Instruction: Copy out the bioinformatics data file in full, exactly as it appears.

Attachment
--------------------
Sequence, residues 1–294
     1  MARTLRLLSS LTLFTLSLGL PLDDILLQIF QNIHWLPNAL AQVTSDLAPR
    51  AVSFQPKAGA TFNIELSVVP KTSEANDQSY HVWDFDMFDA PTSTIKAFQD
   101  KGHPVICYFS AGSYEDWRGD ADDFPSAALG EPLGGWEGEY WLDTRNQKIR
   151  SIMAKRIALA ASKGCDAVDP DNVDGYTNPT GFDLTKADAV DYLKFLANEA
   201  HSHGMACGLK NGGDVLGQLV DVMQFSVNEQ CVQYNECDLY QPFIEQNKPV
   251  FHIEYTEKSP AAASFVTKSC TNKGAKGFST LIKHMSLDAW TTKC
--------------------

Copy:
Sequence, residues 1–294
     1  MARTLRLLSS LTLFTLSLGL PLDDILLQIF QNIHWLPNAL AQVTSDLAPR
    51  AVSFQPKAGA TFNIELSVVP KTSEANDQSY HVWDFDMFDA PTSTIKAFQD
   101  KGHPVICYFS AGSYEDWRGD ADDFPSAALG EPLGGWEGEY WLDTRNQKIR
   151  SIMAKRIALA ASKGCDAVDP DNVDGYTNPT GFDLTKADAV DYLKFLANEA
   201  HSHGMACGLK NGGDVLGQLV DVMQFSVNEQ CVQYNECDLY QPFIEQNKPV
   251  FHIEYTEKSP AAASFVTKSC TNKGAKGFST LIKHMSLDAW TTKC